Wednesday, March 16, 2005

Same Old Same Old? 

The Public Relations Society of America (PRSA) sent me their Spring 2005 Resources Guide yesterday. It is filled with professional development courses for PR practitioners.

Something struck me about the 44-page guide the instant I opened it. Among dozens of courses, there are but one or two that deal with anything on the web. There are lessons on leader coaching, on strategic communications planning, on crisis communications, on measurement and evaluation, on development of presentations, on building and evaluating employee communications programs and on and on.

Buried in the center of the booklet on page 23 is a course on "Anatomy of a News Release, Pitch and E-mailed Release." On page 27, there is a course titled "I'm not a Journalist, but I Play One on TV: A re-examination of who and what a journalist is today." This section actually mentions "bloggers" right after "bloviators" in a sentence that says it all, "With an ever-increasing number of self-styled media commentators, critics, bloviators and bloggers, what has become of the definition of a journalist?"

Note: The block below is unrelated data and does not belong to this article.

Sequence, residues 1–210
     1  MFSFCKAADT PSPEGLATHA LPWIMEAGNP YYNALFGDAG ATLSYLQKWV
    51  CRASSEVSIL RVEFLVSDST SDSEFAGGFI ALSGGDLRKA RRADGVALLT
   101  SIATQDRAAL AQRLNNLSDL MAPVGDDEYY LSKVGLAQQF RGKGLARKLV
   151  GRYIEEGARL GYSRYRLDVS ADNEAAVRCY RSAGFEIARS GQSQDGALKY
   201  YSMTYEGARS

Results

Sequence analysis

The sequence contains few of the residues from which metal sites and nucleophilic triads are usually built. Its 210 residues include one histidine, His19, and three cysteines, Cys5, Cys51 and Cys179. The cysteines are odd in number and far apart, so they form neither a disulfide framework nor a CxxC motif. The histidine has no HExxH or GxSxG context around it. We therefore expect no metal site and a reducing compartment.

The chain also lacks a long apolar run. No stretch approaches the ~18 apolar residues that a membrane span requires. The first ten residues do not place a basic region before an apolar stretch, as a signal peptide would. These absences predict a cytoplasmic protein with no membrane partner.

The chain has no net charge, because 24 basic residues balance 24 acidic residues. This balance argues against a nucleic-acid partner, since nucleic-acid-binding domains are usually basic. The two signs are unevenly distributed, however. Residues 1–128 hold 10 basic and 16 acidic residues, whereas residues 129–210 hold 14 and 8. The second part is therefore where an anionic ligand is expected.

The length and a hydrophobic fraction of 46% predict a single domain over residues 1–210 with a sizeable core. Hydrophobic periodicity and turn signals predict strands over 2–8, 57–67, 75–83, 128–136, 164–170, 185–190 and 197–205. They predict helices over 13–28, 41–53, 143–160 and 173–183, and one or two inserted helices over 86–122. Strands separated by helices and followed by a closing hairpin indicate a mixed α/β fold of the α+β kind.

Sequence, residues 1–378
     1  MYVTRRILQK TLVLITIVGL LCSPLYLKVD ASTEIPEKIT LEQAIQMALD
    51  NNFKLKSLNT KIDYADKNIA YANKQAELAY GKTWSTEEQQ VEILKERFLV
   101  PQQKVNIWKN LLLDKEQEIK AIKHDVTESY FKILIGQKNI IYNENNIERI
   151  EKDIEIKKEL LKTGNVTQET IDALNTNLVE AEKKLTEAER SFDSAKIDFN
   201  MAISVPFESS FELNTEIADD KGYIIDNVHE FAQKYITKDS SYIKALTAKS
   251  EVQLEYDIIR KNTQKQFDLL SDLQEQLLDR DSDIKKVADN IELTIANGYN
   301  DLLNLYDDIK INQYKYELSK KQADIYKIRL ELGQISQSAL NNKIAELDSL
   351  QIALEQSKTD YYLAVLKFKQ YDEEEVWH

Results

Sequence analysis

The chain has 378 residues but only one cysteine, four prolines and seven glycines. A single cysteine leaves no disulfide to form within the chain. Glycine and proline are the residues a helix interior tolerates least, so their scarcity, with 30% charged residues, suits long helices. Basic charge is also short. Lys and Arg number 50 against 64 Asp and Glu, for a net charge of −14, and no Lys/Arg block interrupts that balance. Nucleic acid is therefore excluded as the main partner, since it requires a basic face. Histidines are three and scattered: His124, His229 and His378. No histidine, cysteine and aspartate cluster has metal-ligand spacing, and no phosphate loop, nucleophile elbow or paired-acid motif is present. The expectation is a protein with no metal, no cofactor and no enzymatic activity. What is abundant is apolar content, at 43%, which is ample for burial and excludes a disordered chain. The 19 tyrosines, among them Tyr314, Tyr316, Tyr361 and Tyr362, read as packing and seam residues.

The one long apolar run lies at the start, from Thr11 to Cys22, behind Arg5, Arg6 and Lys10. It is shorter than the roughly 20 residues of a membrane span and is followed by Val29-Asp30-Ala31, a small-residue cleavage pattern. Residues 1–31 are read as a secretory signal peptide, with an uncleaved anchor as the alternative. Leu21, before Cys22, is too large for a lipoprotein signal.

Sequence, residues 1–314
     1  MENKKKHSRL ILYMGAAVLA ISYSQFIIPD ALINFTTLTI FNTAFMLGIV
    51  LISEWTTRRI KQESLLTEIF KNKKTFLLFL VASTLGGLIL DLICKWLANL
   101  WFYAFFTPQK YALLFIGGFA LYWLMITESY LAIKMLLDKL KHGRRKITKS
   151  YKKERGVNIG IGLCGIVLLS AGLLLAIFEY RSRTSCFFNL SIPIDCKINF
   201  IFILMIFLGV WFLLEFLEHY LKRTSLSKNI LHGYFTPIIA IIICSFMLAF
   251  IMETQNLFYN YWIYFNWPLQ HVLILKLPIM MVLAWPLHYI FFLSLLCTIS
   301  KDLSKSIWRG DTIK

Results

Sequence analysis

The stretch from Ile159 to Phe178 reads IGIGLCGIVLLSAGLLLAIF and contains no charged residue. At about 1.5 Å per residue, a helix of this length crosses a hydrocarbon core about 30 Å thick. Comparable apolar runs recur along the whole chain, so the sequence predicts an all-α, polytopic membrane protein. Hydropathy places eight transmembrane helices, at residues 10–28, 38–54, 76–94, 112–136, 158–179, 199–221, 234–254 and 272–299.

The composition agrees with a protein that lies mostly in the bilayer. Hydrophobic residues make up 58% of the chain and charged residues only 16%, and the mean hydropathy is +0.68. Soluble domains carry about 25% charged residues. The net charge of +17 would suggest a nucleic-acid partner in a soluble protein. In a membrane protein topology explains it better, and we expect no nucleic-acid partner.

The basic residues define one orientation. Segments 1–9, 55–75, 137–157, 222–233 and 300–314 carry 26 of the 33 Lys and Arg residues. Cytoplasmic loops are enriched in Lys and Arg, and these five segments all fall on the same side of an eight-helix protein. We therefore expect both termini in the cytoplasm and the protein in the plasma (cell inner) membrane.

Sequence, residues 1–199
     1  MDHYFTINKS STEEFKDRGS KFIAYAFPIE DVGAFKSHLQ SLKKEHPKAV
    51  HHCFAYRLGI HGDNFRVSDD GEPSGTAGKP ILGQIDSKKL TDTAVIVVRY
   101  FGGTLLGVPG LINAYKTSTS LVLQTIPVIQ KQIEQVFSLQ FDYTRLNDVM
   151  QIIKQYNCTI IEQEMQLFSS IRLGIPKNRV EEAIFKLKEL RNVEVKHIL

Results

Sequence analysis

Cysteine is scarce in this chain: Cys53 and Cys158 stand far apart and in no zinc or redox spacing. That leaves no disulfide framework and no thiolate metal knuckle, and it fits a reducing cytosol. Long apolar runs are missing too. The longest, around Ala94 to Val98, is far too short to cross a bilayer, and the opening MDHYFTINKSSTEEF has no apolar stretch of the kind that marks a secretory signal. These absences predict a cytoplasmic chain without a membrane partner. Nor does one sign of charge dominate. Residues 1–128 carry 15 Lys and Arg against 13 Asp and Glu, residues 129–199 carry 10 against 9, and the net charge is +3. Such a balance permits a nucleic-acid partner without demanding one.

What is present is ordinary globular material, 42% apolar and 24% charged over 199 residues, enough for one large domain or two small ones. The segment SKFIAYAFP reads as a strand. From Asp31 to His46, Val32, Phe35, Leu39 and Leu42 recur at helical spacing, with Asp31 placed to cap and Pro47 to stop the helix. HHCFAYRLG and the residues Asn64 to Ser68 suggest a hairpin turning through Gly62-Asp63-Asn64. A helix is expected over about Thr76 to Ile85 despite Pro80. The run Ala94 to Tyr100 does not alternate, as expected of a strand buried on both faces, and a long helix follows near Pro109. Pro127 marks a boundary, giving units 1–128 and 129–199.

Is it me or is the PRSA out to lunch?

In fairness to the PRSA, the society offers courses for which there is demand. And, there is probably not much demand for learning focused on the internet. But, if that is true, what does it say about PR practitioners? It seems to me the Society is facing the same challenge as most revenue-driven educational institutions. Do you give students courses that students want or courses they need, whether they want them or not? The PRSA cannot compel members to be more web-savvy, but still, it is disappointing.


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